I hope that each time it’s opened up by the people who buy it, or the people who receive it as a gift, it’ll send out a little shower of stardust that will remind you of the first time you read it, or the first time you heard it, or the time you bought your first David Bowie record, or the time you met someone you always wanted to be wonderful… and that’s exactly how they turned out to be.
That’s the feeling I want this little book to hold for people.
And now that it’s ready to go out into the world – courtesy of the wonderful Obverse Books – I look forward to hearing just how Christmassy and stardusty it makes you feel.

Paul Magrs, October 2019.

What People have said about Stardust & Snow
‘I think that’s beautiful.  That’s absolutely lovely.  What an amazing story. Ah, it’s gorgeous, well done.’   – Russell T Davies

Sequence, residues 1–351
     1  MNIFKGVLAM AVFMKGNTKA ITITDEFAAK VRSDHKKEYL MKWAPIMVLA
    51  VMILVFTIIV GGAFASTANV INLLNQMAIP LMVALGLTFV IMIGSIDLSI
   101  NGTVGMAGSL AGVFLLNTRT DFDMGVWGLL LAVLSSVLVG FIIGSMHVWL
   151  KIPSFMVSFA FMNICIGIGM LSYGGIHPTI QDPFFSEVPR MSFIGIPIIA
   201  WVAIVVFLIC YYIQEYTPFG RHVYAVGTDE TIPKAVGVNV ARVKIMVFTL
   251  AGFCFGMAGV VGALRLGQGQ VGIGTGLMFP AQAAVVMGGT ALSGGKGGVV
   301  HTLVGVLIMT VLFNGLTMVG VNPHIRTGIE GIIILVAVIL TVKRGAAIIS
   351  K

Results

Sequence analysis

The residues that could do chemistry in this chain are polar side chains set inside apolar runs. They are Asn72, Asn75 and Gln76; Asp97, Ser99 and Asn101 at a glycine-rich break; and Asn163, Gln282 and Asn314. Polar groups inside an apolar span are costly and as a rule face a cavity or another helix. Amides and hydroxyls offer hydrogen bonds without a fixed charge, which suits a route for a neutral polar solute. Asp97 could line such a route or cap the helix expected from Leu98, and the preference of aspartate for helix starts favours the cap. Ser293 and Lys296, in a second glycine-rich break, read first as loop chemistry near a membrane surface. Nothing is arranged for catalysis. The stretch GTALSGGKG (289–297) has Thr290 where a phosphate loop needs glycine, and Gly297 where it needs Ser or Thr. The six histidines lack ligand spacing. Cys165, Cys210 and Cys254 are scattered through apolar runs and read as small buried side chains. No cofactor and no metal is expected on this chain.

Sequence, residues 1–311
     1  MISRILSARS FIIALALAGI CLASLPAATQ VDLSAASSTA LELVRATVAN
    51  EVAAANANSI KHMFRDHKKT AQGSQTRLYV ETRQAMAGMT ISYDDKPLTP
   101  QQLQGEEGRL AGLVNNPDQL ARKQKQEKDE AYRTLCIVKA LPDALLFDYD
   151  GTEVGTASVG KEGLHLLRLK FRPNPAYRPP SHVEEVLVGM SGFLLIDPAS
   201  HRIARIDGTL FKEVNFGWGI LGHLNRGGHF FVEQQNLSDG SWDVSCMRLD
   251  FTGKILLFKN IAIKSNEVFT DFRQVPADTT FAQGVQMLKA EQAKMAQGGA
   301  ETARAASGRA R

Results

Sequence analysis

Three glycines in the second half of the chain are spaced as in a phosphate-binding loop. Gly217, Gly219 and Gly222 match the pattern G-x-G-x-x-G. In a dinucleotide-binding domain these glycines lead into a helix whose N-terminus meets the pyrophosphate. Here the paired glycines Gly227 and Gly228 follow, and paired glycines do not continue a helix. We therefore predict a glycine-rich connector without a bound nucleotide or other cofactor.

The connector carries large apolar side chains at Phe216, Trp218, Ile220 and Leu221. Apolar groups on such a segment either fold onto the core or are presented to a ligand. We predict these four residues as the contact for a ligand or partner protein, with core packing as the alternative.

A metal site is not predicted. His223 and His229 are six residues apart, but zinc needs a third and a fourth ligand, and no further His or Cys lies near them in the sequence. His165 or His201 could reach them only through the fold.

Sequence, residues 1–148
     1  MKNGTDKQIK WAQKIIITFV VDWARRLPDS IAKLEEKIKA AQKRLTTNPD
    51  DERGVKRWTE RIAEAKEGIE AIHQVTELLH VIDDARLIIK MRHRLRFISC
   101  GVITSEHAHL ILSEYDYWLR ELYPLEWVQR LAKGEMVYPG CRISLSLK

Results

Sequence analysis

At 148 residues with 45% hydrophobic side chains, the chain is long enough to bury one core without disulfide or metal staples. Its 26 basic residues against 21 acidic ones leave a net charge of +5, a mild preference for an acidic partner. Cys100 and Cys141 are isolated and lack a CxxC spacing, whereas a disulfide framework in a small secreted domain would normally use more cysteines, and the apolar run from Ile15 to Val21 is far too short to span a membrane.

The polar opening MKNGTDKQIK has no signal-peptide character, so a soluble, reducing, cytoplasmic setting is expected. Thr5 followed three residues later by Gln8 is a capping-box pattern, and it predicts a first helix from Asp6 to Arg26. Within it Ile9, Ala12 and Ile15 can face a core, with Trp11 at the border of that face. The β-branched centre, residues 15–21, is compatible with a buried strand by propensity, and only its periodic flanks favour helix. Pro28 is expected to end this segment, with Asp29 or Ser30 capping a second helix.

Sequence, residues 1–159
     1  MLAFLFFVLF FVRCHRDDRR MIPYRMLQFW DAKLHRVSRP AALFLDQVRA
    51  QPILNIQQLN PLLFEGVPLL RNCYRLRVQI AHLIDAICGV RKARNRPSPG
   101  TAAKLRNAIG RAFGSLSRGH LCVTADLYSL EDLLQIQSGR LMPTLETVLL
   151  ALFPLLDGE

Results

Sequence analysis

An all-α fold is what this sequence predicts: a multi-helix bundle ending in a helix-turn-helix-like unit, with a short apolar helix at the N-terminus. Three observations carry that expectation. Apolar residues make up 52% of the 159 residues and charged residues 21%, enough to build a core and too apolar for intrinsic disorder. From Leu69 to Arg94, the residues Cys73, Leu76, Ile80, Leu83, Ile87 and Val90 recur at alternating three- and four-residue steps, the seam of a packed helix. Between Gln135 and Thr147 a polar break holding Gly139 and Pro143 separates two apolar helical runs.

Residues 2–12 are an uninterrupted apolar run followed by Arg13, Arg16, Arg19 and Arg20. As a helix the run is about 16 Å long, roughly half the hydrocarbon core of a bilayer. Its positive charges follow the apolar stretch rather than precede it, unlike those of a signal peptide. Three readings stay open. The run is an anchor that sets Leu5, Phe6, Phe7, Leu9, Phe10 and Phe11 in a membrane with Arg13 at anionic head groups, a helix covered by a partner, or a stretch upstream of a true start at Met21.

‘I defy anyone to read the first page of this and not finish it. ANYONE.’ – Horatio Clare
‘A perfect Christmas story, filled with magic, wonder and Stardust…’ – Cathy Cassidy.
‘If you’ve ever loved a person, either someone you knew in real life or someone world famous, you’ll know nothing brings more joy than hearing a wonderful story about them after they have died. And this is one of the most wonderful stories you could wish for. It will lighten and brighten the hearts of everyone who reads it.’  – Jill Mansell.
‘The perfect Christmas story: snow is in the air, (Grandma) doesn’t understand, and one of our greatest heroes is about to step off the screen and tell a little boy the secret of everything. Absolutely gorgeous, achingly beautiful and astonishingly enough, completely true. Once you’ve read this, you really will know the secret of everything.’ – Steven Moffat.
‘This story might make you cry. It’s so inspiring and beautiful and also very sad at the same time’ – Amanda Palmer.